Sunday, October 26, 2008
It's an exciting time to be alive. Growing up as a horror movie devote, I always rued the fact that I wasn't of movie-going age in the 80's. What was great about that time period is that they had a ton of horror movie franchises, where they'd shit a new one out like every year. Friday the 13th, Nightmare on Elm Street, they were cranking those out on a regular basis, like clockwork. You knew that every year, you'd get to see Jason Vorhees's newest adventure.
So I've been pretty excited about the Saw series, I feel like I'm getting the experience I sorely lacked for years. It's great to know, for the time being, that there will be a new one next October. I love it. And, I mean, don't get me wrong, I also enjoy these movies. The first one was a skillful (if ridiculous) horror/thriller, and the rest have been gleefully absurd trash. And after the sublime insanity of parts III and IV, I was pretty stoked for V to take it to the next level.
Sadly, it didn't. Don't get me wrong, I still liked this one. In fact, it's a better movie than Saw II was. It just didn't up the ante with the crazy-insane plot. No ridiculous cliffhanger ending. Nothing like at the end of IV where it turns out that everything was happening simultaneously with part III. This is a far more low key event.
In fact, this feels less like a full-fledged sequel and more like an interlude. There isn't as much story development. It's the shortest film in the series. Mostly what it does is fill in Hoffman's backstory, explaining how he got hooked up with Jigsaw. This provides some Saw III style fun where we get flashbacks to the other movies' timelines, showing how Hoffman was actually involved, setting up the house trap in part II for example.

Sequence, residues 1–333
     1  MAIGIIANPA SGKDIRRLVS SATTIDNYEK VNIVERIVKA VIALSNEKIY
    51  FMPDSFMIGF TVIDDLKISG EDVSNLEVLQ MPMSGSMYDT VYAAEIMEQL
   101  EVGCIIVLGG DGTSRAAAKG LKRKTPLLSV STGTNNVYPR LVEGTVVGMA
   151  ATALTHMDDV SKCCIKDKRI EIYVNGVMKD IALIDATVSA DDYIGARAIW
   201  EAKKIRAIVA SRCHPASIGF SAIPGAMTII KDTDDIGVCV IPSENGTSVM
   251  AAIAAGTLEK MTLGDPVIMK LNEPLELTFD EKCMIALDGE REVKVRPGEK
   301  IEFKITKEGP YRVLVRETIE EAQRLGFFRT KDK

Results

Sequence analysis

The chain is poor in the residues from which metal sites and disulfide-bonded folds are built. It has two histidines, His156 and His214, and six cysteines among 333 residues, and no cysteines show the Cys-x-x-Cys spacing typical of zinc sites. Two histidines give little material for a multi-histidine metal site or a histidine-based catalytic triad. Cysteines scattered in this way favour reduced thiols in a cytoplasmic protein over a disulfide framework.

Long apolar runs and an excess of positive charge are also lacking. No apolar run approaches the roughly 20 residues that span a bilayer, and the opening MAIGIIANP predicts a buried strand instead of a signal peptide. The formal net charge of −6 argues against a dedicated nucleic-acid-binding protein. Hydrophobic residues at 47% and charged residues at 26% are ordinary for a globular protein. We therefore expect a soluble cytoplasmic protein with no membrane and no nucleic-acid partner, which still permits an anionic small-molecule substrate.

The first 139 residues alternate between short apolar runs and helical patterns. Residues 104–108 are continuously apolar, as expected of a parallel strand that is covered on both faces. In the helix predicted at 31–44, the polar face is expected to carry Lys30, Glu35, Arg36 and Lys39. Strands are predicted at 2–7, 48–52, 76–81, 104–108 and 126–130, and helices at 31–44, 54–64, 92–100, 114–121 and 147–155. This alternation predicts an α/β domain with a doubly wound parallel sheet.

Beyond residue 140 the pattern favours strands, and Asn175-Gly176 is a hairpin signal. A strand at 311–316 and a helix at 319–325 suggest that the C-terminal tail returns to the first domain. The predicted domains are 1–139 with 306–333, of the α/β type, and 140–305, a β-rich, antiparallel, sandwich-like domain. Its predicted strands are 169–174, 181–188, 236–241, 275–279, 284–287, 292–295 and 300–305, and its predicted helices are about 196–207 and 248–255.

Part V has a new director, different from the last 3 movies, and his debut here is nothing great, but I did appreciate the slight change in style. The guy who did the last 3, Bousman, his style was polished, but over the top, especially with the lighting. His movies looked good, but then he would go all retarded in the editing room and throw in a bunch of fast forwards and slo-mos and whooshes and flashes and all that shit. Basically, neat cinematography ruined by ADHD editing. This new fellow, Hackl, dispenses with a lot of that editing nonsense (well, not all of it, this is a Saw movie, after all), and is actually willing to build a moment or hold a shot for a few seconds. He also has a much less ornate, handheld style that feels... not exactly grittier than the other movies, but you know what I mean. I dug that.
(On the downside, though, his style never gets hilariously over-blown like Bousman's. So there aren't any of those ridiculous scene transitions where someone breaks a window and the camera whips through it and is magically transported to a different scene.)
So we have somewhat different visual approach, and the plot deals more with a good detective facing off with a bad detective, and as a result this one feels a little less like a horror movie and a little more like a crime movie (albeit, a weird and graphically violent crime movie). The series has, in a weird way, gone from horror/thriller to film noir.
Anyways, there was enough here that I enjoyed that I'm still on board for part VI (only 12 short months away!), but it's a step down from the last two. It has a nifty ending, although it doesn't reach the amazing levels of convolution that the last three films did, and there wasn't much of a twist. From what I'm reading online, it's possible that they are setting up some major craziness for the next entry, and I've heard some weird theories. So maybe if this is all building to some nutcase twist in part VI, then this one will seem better in retrospect. As it stands, it delivers the goods but feels slight compared to the last two.